Sunday, June 19, 2011

Axe Multiple Girlfriends

A clever idea created by Memac Ogilvy Label and OgilvyAction in Tunis; this app generates a fake relationship status to make it appear as if the user is in a relationship with hundreds of women at the same time.

It's always nice to see noteworthy Interactive work from the region. This is definitely memorable and I can totally see my me and my friends commenting on each others' updates. A good laugh.

Agencies: Memac Ogilvy Label, OgilvyAction, Tunisia
Creative Director: Nicolas Courant
Associate Creative Director: Gérald Héraud
Digital Planner/Conceptualiser: Mehdi Lamloum
Art Director: Yassine Boughaba
Web Producer: Bedis Benamor
Web Developer: Kais Ezzine/eKay Consulting

Monday, June 6, 2011

Vodafone: Proud Sponsors of the Egyptian Revloution!

I feel sick to my stomach watching this.

Firstly, I would like to introduce myself. My name is Ghazy and I write copy.

Vodafone Egypt JWT Ad Taking Credit For #Jan25... by andreasudo

Kaz asked me to blog about the controversy surrounding the case study released by JWT Egypt regarding their "Our Power" commercial made for Vodafone Egypt. As people ‘riding the freedom wave’ are one of my major pet peeves, I agreed.

Both Vodafone and JWT rode their luck by releasing the commercial on January 1st, just 23 days before the historic revolution that happened in Egypt. In fact during the uprising, many people joked that Vodafone instigated the revolution so their commercial could take all the credit.

In truth, people weren’t that far off.

Earlier this week, a three-minute video started circulating the Internet, which consisted of a JWT “case study” of the “Our Power” commercial. Even the blindest of bats could understand the message this video was conveying: “Without us, the revolution would have not been possible”.

The arrogance, naivety and sheer stupidity of releasing this video was incomprehensible and inexcusable. The main points I would like to focus on in this video are the first couple of slides and the last slide.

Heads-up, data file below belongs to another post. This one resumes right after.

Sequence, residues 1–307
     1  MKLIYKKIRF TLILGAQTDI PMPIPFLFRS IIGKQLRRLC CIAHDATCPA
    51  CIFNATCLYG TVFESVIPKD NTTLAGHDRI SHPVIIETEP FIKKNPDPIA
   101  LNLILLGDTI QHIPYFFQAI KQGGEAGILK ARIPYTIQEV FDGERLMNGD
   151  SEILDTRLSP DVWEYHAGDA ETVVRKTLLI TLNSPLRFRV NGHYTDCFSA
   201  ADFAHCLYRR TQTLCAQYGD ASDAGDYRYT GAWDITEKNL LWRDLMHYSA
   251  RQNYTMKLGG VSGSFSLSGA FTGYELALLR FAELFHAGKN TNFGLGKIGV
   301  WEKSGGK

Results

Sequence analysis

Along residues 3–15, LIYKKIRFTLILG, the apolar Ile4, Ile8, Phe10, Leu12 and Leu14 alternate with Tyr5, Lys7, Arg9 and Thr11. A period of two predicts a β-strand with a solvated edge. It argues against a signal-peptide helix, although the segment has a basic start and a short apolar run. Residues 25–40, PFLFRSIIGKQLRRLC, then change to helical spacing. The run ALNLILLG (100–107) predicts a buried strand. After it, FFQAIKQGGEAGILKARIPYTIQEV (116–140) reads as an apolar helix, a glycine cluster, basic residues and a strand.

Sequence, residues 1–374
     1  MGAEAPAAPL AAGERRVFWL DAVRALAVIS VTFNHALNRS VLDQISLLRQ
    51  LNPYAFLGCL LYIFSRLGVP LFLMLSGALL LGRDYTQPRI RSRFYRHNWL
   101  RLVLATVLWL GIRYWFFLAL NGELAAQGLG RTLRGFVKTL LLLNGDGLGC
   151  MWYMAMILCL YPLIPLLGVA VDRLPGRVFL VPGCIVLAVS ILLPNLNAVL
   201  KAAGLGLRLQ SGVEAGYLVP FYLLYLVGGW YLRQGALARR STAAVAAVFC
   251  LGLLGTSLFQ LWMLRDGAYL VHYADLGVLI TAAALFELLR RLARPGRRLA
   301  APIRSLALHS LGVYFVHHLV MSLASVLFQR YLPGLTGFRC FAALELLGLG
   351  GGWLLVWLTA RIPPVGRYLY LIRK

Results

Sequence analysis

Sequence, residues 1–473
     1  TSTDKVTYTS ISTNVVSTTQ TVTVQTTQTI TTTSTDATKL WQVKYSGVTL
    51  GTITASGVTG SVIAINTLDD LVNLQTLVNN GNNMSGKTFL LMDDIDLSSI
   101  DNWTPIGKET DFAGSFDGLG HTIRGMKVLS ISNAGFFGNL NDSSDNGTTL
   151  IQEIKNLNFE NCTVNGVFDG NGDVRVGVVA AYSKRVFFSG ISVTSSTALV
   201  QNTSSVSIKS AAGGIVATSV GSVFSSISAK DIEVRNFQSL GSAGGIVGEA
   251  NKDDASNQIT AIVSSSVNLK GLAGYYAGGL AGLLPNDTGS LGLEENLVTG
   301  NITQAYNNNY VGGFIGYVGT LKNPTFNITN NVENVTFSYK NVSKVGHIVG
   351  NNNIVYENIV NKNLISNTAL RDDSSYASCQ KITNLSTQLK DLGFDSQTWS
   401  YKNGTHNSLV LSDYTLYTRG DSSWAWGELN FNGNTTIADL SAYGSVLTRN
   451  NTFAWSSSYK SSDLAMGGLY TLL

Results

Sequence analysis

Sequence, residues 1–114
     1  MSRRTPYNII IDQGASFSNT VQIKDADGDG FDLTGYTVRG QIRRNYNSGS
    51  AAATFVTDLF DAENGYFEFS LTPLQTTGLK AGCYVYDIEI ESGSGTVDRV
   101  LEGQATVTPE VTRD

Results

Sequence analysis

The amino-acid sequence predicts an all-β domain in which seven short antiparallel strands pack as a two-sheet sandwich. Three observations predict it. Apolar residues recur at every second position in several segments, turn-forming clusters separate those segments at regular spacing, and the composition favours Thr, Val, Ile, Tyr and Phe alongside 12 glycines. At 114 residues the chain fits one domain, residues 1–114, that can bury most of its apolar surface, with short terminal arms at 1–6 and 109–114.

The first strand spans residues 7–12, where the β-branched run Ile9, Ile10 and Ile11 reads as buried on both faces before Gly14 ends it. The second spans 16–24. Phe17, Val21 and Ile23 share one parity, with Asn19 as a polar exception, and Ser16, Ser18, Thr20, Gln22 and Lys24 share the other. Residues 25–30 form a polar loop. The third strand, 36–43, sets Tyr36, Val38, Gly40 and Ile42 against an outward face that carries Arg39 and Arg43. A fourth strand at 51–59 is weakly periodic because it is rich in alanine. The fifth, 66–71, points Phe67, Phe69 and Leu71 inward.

“For 30 years Egyptians have felt powerless. On January 1st Vodafone launches ‘power to you’ in Egypt”.

Really? So after 30 years, the “Our Power” commercial suddenly acted as Popeye’s spinach and gave the people the power to stand up for themselves? It wasn’t Tunisia? It wasn’t social media? It wasn’t those brave protesters trying to emulate their fellow countrymen?

Nope, it was a washed up comedian reading an unconvincing script for a boring two and a half minutes.

My absolute favorite part of the case study was this:

“We didn’t send people to the streets. We didn’t start the revolution. We just reminded them of how powerful they are.”

This was their get out of jail free card, just in case people complain. And complain they did. Looks like the tagline didn’t help their case and just made everything worse. They underestimated the intelligence of the public.

In all fairness though, Vodafone ‘officially’ had nothing to do with the video but as it was their brand that the case study was based on, criticism was inevitable. Come to think of it, they probably knew it was going to be released but because of their arrogance they didn’t expect there to be such a backlash.

What’s quite entertaining about all of this is that Vodafone were one of the main setbacks during the 18-day revolution. They cut off all mobile and Internet services for a period of time, making it more difficult for the protesters to gather. With no apology after the debacle, they decided to jump on the “freedom” bandwagon.

I feel sick to my stomach watching this. I work in a digital advertising agency and even though the revolution was without a doubt 30-40% digital, we try our utmost best not to ride the wave because in all honesty, we had nothing to do with the revolution. Brands and companies like Vodafone and JWT are taking the word “capitalize from” to a whole new level.

JWT MENA since apologized for what the Cairo branch has done. Vodafone on the other hand refused to apologize, and adamantly took the "it's got nothing to do with us" stance. It took me about 45 minutes to find a link to the video as they were all removed from sites such as YouTube, Veetle and DailyMotion under the request of Vodafone. Unfortunately for both, the damage was done and I honestly believe that whatever they do, they won't be able to bury the hatchet. Egyptians forgive but don't forget.

Finally, I would like to give a shout out to our 'savor' Wael Ghoniem.

He needs to be quiet.

He praised the commerical throughout the revolution and now after the case study was released, he provided us with a massive turnaround, condemning it.
He was criticized (and rightly so) for trying to take all the credit for how the revolution panned out and now Vodafone/JWT are doing the same.

So just for one last time:

I feel sick to my stomach watching this.

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